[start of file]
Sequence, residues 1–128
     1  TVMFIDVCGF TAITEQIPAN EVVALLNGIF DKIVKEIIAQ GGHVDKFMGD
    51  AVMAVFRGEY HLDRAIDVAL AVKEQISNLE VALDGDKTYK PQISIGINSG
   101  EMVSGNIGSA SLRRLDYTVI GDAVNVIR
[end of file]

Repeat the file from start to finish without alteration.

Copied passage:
Sequence, residues 1–128
     1  TVMFIDVCGF TAITEQIPAN EVVALLNGIF DKIVKEIIAQ GGHVDKFMGD
    51  AVMAVFRGEY HLDRAIDVAL AVKEQISNLE VALDGDKTYK PQISIGINSG
   101  EMVSGNIGSA SLRRLDYTVI GDAVNVIR